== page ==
To get up to speed; a bastardization of the phrase “to get someone on board” and making it into a verb.
“Make sure the new guy onboards with the tracking software. We’ll need him up to speed by next week.”
The other day I was on a conference call, being trained in a piece of online lead tracking software, and the presenter said, “The next step in the onboarding process is…”
I just about choked on my microphone. Really? Onboarding?
Buzzwords are, in my opinion, mostly lazy attempts at sounding clever. They’re jargon. Designed to make the speaker seem smart, and the spoken-to seem out of touch.
Perhaps worst of all, they get in the way of perfectly decent words that carry much more useful meaning.
“Onboarding process” sounds ridiculous, and has no shared meaning outside of tech companies trying to sound trendy. Swap out “onboarding” for “training” and you’ve got a sentence that means something. And doesn’t sound silly.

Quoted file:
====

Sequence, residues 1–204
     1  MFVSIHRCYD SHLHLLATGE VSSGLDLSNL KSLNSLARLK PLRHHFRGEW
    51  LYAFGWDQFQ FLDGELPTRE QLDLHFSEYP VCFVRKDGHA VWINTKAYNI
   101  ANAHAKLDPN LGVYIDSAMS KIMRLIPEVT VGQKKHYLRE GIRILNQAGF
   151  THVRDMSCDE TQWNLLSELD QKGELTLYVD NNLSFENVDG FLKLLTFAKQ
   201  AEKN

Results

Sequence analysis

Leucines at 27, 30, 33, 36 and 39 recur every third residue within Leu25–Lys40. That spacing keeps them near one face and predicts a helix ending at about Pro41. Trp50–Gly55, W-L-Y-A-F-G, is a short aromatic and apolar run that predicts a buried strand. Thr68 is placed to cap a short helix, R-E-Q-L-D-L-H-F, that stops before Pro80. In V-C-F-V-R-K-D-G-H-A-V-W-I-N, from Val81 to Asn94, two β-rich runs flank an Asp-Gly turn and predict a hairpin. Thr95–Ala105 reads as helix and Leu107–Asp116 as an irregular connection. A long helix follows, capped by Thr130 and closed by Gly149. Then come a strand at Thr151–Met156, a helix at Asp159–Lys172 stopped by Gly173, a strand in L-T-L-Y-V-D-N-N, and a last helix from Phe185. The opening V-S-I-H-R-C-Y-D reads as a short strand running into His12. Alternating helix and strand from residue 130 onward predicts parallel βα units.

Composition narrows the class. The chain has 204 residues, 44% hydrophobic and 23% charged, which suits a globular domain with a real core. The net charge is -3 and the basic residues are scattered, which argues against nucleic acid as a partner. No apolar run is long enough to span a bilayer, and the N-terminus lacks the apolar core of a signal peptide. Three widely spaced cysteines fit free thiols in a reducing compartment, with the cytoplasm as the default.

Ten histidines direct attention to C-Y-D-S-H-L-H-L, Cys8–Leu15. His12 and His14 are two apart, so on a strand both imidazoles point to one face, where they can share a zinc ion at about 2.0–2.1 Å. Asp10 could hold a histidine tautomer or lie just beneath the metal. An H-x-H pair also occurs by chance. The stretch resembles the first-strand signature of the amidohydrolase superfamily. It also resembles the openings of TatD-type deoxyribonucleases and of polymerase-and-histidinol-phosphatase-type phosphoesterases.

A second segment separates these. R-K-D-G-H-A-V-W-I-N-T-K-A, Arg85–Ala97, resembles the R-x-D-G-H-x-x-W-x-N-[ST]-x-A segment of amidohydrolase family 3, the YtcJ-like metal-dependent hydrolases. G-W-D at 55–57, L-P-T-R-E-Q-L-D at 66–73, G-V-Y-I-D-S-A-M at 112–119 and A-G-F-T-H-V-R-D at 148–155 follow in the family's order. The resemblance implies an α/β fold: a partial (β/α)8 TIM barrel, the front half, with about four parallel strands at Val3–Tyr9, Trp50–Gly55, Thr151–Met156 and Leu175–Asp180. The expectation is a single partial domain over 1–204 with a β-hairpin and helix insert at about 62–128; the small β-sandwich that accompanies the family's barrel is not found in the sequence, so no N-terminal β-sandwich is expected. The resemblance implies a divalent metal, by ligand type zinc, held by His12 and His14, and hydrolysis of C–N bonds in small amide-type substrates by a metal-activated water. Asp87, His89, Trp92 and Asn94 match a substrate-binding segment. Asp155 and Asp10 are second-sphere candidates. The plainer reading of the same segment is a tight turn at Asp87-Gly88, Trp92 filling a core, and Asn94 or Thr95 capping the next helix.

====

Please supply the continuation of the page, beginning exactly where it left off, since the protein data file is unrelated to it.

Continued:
So long as I’m having a curmudgeonly rant, let me share three more of my current least-favorite buzzwords:
- Cloud Based — When it was first coined, this term meant something. A distributed online computing architecture. That’s a real thing. But it’s been so horribly abused that it’s lost all meaning. Most often, it’s used interchangeably with “online.” In which case, “online” would be a much better word to use.
- Gamification — Please stop it. I’m not going to sell out my entire address book to your online service just to earn another badge. Check out Phillip Trippenbach’s excellent article on the topic: Kill it With Fire: why Gamification sucks and Game Dynamics rule.
- Disruptive — Sure. You’ve got a great idea. Your startup is awesome. And you’re totally going to upend Facebook/Amazon/The Goat Industry. I’m thrilled. But please figure out a way to stop using Silicon Valley’s most pernicious cliché.
I could go on whinging all day. But I’ll end by linking you to a great infographic with 30 buzzwords. At least it’s self-aware enough to list “infographic” as one of those buzzwords.